Interviews reveal problems with hunger and anxiety in people with PWS

Adolescents and adults with Prader-Willi syndrome (PWS) say they constantly struggle with hunger and the urge to forage, according to an interview-based study.

Participants experienced difficulties with anxiety, behavioral outbursts, changes in schedule and education, many trying to distance themselves from the syndrome.

They also expressed the need for new drugs that reduce hunger and anxiety, or that can cure PWS.

The study, ““The cure for us is many things”: how do young people with Prader-Willi syndrome perceive themselves and do they perceive future clinical trials, ”Was published in the Journal of Applied Research in Intellectual Disability.

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PWS is caused by the loss or defects of paternal genes that control metabolism, appetite, growth, sleep, intellectual ability, and social behavior.

Characteristic symptoms include an insatiable appetite, known as binge eating, which can lead to obesity. Behavioral issues such as temper tantrums, stubbornness, and obsessive-compulsive tendencies can also occur.

Although studies have focused on the self-perception of people with developmental disabilities, such as Down syndrome, few studies have explored how people with PWS perceive themselves. In addition, research is also needed on how patients perceive new therapies to treat their disease.

To gain a better understanding, researchers at Vanderbilt University in Tennessee interviewed 21 people with PWS, ages 14 to 38, asking how they understood their syndrome and its impact on their lives, and their views on the symptoms. new treatments.

All of the participants lived at home in the United States, 57% were female, and 52% were in high school. Of these, 35% were classified as normal weight, 25% as overweight and 40% as obese. A total of 10% had average intellectual abilities, 30% were below average, 40% were borderline intellectually disabled, 5% had mild intellectual disabilities, and 15% were moderately disabled.

Participants were first asked how they felt PWS affected them in their daily lives. Depending on the responses, they were asked questions about weight, anxiety, or behavioral seizures. People were then asked about the new medications and any other ideas about living with PWS that others should know about.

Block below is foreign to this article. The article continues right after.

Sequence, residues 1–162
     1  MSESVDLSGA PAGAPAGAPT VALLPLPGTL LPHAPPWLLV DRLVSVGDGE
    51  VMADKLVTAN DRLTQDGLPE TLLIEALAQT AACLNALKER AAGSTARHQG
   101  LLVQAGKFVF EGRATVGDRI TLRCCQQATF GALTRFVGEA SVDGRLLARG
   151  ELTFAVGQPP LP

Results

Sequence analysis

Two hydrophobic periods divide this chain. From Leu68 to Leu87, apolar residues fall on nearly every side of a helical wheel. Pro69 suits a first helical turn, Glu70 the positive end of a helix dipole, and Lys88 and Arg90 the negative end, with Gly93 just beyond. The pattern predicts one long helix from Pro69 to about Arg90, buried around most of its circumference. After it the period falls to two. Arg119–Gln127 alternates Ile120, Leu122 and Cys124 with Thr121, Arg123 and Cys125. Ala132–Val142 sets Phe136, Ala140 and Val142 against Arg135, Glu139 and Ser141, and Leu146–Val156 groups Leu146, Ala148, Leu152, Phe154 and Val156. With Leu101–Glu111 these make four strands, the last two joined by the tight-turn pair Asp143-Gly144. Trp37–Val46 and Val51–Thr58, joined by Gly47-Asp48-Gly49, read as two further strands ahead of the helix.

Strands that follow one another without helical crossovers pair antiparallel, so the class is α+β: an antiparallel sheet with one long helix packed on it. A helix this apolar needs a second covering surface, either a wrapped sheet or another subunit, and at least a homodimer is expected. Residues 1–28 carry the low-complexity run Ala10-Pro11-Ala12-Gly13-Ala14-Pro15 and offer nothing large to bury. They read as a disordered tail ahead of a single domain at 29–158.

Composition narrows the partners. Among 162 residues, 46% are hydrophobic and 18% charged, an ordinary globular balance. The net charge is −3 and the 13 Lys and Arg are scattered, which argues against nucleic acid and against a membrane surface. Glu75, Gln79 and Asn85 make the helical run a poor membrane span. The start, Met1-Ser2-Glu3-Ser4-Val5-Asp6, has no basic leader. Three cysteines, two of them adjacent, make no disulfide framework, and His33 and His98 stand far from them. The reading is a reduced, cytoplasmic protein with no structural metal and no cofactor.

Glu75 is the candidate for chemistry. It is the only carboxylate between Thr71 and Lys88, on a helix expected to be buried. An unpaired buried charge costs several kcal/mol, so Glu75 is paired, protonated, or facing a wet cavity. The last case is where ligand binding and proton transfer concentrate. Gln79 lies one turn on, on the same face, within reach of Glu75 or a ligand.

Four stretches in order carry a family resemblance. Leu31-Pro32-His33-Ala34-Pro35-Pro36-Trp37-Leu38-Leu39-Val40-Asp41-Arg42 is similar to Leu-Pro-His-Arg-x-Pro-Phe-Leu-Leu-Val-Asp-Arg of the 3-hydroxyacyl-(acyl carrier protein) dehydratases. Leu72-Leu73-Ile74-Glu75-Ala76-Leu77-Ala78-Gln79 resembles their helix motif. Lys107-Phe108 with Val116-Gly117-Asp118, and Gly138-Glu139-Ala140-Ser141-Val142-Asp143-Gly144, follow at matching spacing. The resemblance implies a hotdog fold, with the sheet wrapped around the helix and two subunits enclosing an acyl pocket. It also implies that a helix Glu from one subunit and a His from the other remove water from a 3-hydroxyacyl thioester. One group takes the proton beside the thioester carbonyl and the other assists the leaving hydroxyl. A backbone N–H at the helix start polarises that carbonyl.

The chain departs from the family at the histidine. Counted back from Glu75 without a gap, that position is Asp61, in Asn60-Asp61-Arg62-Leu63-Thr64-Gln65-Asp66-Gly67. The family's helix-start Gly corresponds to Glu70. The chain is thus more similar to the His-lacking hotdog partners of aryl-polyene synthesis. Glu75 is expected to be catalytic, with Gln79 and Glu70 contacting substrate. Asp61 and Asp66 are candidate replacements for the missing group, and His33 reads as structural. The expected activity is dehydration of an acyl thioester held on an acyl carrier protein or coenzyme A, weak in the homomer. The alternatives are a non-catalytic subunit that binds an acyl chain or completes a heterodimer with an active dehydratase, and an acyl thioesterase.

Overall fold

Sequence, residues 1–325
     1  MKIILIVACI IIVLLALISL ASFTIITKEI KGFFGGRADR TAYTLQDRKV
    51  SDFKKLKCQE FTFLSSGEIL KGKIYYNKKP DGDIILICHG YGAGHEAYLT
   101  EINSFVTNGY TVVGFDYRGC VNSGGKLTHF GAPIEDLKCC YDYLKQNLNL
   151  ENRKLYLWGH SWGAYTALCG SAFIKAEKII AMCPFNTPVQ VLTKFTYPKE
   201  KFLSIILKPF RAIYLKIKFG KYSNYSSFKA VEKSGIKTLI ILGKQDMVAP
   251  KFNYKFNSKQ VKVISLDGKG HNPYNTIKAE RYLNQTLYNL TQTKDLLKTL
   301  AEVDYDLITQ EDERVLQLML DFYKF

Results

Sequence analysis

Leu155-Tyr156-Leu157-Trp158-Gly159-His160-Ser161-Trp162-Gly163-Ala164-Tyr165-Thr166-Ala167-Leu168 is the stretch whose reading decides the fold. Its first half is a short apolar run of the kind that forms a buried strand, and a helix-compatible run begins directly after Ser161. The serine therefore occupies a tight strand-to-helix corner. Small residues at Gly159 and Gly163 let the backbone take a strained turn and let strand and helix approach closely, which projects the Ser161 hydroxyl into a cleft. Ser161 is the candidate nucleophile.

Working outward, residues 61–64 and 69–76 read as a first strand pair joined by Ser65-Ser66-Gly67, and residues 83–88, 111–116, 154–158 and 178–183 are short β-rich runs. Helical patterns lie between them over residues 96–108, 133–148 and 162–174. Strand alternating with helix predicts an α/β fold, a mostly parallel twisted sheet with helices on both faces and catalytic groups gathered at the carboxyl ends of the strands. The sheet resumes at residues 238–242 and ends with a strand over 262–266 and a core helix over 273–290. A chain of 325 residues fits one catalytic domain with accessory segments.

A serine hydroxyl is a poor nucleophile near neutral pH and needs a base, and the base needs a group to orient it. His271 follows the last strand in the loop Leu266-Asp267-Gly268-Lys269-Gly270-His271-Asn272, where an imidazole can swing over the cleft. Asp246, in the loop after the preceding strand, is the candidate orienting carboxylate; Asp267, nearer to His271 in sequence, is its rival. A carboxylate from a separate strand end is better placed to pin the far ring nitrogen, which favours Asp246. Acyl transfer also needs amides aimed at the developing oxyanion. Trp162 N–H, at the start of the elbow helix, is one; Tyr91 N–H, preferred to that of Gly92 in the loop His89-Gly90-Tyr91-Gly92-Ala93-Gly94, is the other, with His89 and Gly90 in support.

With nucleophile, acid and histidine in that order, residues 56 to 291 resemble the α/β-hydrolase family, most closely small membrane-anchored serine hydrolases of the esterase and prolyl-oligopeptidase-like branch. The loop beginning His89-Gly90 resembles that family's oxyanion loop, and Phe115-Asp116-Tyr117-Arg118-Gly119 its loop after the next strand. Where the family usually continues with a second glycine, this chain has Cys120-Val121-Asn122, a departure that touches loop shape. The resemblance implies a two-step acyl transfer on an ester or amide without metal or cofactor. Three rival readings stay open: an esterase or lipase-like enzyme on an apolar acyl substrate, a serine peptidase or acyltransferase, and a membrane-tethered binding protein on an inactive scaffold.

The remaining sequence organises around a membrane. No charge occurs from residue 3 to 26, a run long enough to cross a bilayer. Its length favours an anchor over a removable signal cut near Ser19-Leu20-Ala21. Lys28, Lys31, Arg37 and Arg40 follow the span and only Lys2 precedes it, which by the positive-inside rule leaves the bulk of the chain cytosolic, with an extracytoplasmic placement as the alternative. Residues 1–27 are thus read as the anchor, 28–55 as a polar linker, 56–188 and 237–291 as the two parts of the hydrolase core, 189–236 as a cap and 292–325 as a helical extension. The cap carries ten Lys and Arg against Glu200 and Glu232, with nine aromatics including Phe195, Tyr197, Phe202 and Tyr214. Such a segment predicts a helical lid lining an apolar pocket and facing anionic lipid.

Most of the participants (71%) responded and engaged with the interviewers, while six had difficulty understanding the questions or expressing their thoughts.

All respondents stated that they lived with persistent hunger and frequent urges to forage and eat.

“Food calls out to me, I can’t think of anything else until I eat it,” said participant Emily.

Another, Kody, added, “Then in the morning the food is like waking me up, that’s the problem with me.”

Participants expressed their hunger and need for food in negative and emotionally charged language, using terms such as ‘really difficult’, ‘horrible’ and ‘upsetting’, as well as ‘life threatening’, “Like cancer” and “food is poison.”

“Like the food around me, it’s like a drug that kills me. Food is a poisonous drug that kills me, ”Thomas said.

Unlike the need for food, fewer participants (47%) said their weight was an issue. Although it is difficult to maintain or lose weight, the responses were less negative about hunger, “suggesting that weight doesn’t matter in relation to chronic hunger,” the researchers wrote.

In 40% of responses, people with PWS said their family helped them lose weight by making food inaccessible at home.

“Like my parents lock down the pantry and stuff and that’s for me,” Taylor said.

“Parents are telling their kids about PWS at the right age,” Kyle said. “Then you can help them manage the food. “

A majority (60%) said it was difficult to go out in the community.

Kaylee said, “You can’t go where there is food. “

And “there will usually be food around,” Gabe said.

James said, “Fast food is everywhere. I am surrounded by food that I shouldn’t be eating.

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Participants also said that their hunger limited their relationships with friends and family, as well as their employment or education goals.

“The SPW affects the jobs you get and the way things are done in the community, you can’t go where there is food,” Kaylee said.

In total, 61% of those surveyed had strategies to manage their hunger and desire to forage for food, including getting help from friends, using social limitations against food theft, and developing eating methods.